CommInsure background checks claimants on Google

By @mik_mapa on
Commonwealth Bank of Australia
A Commonwealth Bank of Australia logo adorns the wall of a branch located in Sydney, Australia, November 5, 2015. Reuters/David Gray

Commonwealth Bank of Australia (CBA) wealth manage group executive Annabel Spring has revealed that CommInsure staff used Google to test 1.5 percent of insurance claimants for fraud. She said that less than 0.5 percent of cases resorted to physical surveillance. She added that when the information became contradictory then they would further investigate.

ANZ wealth executive Alexis George said that the bank's life insurance provider OnePath has used the internet to check the profile of the claimants. She said that physical surveillance should be approved by several layers of management.

“I couldn’t tell you the exact number of times we look at Google or something, but it is something we do from time to time. We have never had a complaint in terms of surveillance,” George told the joint parliamentary committee hearing, according to The Australian.

Banks and major insurers along with industry bodies were gathered during the public hearing. It is the third hearing that tackles relevant issues and reforms into the life insurance industry.

CommInsure has faced controversy for using outdated medical definitions, including heart attack definition, to knock back some claims. It was also accused of pressuring doctors to change medical opinions and delaying payments to terminally ill customers. However, Deloitte cleared CBA of systemic problems in its life insurance business. The independent report stated that there was no evidence of pressuring doctors or denying claims.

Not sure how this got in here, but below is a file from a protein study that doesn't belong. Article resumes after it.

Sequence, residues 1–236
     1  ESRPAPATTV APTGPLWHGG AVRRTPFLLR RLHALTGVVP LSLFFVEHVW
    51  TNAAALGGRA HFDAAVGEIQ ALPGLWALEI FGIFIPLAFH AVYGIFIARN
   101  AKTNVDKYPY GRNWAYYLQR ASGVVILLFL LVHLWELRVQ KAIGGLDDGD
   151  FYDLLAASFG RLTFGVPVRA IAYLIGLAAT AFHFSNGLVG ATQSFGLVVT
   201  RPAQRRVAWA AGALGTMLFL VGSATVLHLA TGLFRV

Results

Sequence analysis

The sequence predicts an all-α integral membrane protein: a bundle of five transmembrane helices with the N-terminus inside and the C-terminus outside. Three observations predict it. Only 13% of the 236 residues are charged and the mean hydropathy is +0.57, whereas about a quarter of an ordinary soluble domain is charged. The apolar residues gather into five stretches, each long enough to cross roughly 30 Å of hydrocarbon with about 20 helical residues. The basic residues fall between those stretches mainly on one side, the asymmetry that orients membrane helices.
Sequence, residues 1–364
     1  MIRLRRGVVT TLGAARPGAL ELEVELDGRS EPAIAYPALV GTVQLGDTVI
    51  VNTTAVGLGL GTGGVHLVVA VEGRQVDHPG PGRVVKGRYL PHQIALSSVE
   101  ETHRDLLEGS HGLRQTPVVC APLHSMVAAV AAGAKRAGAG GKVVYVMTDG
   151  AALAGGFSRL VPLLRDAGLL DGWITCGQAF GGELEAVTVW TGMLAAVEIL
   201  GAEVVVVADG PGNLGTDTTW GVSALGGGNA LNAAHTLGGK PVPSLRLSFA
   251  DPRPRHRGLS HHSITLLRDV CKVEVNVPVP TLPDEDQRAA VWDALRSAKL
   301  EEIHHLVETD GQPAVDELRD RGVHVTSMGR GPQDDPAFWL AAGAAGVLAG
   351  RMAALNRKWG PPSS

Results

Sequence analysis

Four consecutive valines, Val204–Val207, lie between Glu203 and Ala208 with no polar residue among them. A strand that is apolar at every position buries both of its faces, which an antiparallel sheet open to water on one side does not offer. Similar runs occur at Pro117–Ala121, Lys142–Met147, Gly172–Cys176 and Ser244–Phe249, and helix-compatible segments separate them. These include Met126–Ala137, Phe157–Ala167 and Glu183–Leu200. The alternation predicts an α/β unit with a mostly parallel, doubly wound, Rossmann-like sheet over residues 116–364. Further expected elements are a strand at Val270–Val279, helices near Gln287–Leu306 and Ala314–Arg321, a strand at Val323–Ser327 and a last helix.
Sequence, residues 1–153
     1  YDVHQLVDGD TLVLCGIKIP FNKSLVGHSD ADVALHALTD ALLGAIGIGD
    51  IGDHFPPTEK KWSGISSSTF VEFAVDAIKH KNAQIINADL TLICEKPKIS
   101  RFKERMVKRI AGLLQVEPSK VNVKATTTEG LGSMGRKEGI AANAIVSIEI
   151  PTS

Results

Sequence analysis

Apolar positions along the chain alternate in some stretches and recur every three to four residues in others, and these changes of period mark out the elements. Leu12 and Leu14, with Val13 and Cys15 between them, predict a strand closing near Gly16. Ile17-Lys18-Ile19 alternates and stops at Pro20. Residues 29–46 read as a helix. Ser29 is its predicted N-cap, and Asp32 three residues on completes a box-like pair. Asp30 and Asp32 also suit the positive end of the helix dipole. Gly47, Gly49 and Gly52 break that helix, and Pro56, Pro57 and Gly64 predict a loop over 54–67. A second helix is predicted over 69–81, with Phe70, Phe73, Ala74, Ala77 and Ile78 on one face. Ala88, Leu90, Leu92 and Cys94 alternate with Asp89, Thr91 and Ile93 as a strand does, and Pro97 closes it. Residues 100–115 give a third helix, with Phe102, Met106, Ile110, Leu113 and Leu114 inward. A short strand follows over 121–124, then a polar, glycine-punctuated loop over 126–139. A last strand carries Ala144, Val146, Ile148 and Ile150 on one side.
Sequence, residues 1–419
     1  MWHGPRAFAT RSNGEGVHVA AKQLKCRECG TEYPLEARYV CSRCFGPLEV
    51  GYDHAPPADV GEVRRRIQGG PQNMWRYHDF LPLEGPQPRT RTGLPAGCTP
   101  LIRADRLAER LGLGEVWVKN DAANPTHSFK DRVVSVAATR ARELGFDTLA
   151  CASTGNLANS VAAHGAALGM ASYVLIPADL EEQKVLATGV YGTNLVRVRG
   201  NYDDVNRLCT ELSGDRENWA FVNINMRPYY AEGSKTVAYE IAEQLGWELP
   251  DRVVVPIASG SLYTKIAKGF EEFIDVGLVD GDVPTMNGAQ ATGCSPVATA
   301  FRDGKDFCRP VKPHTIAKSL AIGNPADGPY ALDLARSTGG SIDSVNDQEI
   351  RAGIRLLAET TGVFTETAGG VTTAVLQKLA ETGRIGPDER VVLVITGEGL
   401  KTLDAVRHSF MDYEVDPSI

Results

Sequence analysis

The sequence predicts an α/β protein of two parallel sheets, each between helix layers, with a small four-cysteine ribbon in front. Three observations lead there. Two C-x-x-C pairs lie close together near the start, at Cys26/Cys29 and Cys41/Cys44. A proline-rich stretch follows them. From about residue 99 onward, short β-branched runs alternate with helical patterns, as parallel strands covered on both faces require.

"We reviewed all possible claims and found 17 we paid, which was $2.5 million to 17 people. We agree that was poor judgement on our behalf and that's why we've remediated," Spring said. She said that customer call files were searched to check who among the customers were affected by the outdated definition. Spring conceded that the bank could have taken a different approach.

BT Financial Group was also present in the hearing telling that they changed the heart attack definition in 2011. BT Financial Group chief executive Brad Cooper said that they did it proactively.

During the hearing, it was brought up that the entire medical history of customers were  provided by doctors which shocked the members of the parliamentary panel. BT Financial Group general manager of insurance Sue Houghton said sometimes doctors provided the records voluntarily even if the company did not ask for it.

Spring was asked if the company would use the full medical records against its clients. She said that it was not the company's intention to use it for that purpose. She said that the insurance industry and the doctors should work more closely together. "The conversations between the industry and the medical fraternity could be improved. It should improve both with respect to the efficiency of that conversation, so that we can get that data specific to the claim," she said.

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